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Author: Fahed Al-Sumait

brill.nl/mjcc MEJCC Middle East Journal of Culture and Communication 4 (2011) 125–145 © Koninklijke Brill NV, Leiden, 2011 DOI 10.1163/187398611X571319 Public Opinion Discourses on Democratization in the Arab Middle East Fahed Al-Sumait * University of Washington, USA Email: alsumait

In: Middle East Journal of Culture and Communication
The Politics of Socio-Economic Rights in South Africa
What are the prospects and means of achieving development through a democratic politics of socio-economic rights? Starting from the position that socio-economic rights are as legally and normatively valid as civil and political rights, this anthology explores the politics of acquiring and transforming socio-economic rights in South Africa. The book brings together an interdisciplinary group of leading scholars in an examination of the multifaceted politics of social and economic policy-making, rights-based political struggles and socio-economic rights litigations. The post-apartheid South African experience shows that there is no guarantee that democracy will eliminate poverty or reduce social inequality, but also that democratic institutions and politics may provide important means for asserting interests and rights in regard to development. Thus it is argued that democratic politics of socio-economic rights may democratise development while also developing democracy.
Author: Elton Skendaj

Democratizing Process 1 Elton Skendaj Cornell University Abstract Th is article presents a case study of the dynamics of implementing an internationally-funded peace education project at the local level. Drawing on the author’s personal experience as Albanian National Coordinator for the Peace and Disarmament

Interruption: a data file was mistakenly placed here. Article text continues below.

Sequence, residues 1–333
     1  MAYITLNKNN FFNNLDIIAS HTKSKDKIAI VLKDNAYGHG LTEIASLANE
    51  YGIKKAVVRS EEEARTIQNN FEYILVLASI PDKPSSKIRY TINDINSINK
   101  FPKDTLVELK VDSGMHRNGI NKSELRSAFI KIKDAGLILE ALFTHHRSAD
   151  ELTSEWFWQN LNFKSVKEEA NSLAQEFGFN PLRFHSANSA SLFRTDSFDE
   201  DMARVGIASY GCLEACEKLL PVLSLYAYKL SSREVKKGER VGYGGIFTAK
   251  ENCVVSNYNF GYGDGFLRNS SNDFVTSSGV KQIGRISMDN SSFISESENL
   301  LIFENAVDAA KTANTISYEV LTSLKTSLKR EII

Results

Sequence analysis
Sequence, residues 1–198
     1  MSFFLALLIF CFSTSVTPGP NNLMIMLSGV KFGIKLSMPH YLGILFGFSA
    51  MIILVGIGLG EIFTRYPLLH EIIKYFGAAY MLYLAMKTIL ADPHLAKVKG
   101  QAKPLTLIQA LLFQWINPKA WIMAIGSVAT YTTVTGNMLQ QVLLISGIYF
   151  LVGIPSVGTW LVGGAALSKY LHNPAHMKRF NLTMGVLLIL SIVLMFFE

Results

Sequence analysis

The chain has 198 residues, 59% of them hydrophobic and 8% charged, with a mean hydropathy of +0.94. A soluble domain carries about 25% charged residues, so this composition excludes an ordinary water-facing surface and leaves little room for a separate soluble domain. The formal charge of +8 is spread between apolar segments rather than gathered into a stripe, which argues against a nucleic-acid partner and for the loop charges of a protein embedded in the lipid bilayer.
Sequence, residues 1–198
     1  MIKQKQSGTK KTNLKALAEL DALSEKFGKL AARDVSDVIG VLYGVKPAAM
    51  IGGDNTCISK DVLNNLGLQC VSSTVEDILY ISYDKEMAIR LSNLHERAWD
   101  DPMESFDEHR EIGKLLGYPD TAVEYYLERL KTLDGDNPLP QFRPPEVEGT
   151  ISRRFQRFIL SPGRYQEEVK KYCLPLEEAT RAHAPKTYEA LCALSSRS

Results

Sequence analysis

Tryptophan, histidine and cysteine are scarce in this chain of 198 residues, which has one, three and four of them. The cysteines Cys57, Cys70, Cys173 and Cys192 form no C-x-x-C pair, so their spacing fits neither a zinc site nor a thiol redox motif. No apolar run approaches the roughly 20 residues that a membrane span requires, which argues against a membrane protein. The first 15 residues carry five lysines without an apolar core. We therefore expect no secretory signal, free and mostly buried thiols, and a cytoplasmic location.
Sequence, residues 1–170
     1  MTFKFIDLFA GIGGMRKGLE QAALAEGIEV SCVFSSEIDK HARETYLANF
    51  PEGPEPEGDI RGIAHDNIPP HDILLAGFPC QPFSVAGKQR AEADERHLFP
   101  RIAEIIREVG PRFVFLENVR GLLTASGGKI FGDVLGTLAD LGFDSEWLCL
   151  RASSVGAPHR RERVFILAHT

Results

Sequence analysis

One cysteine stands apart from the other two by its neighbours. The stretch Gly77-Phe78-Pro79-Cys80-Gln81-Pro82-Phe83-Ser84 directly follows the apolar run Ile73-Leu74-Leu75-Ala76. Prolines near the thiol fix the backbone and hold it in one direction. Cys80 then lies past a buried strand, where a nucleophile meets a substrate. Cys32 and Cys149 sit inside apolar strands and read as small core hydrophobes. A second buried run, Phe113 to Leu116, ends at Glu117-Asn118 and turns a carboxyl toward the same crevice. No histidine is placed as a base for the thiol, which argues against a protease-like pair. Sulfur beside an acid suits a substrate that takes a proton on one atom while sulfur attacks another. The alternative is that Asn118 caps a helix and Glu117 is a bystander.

In: Southeastern Europe
Author: J. Bruce Jacobs
Taiwan—together with India, Japan and South Korea—is one of only four consolidated Asian democracies. Democratizing Taiwan provides the most comprehensive analysis of Taiwan's peaceful democratization including its past violent authoritarian experiences, leadership both within and outside government, popular protest and elections, and constitutional interpretation and amendments. Using extensive field research including the conduct of many interviews with government and party leaders, journalists, academics and a wide variety of citizens over many years as well as substantial research into documents, newspapers and academic research, Professor Jacobs provides many new insights into Taiwan's democratization. He also analyses areas in which Taiwan continues to face difficulties.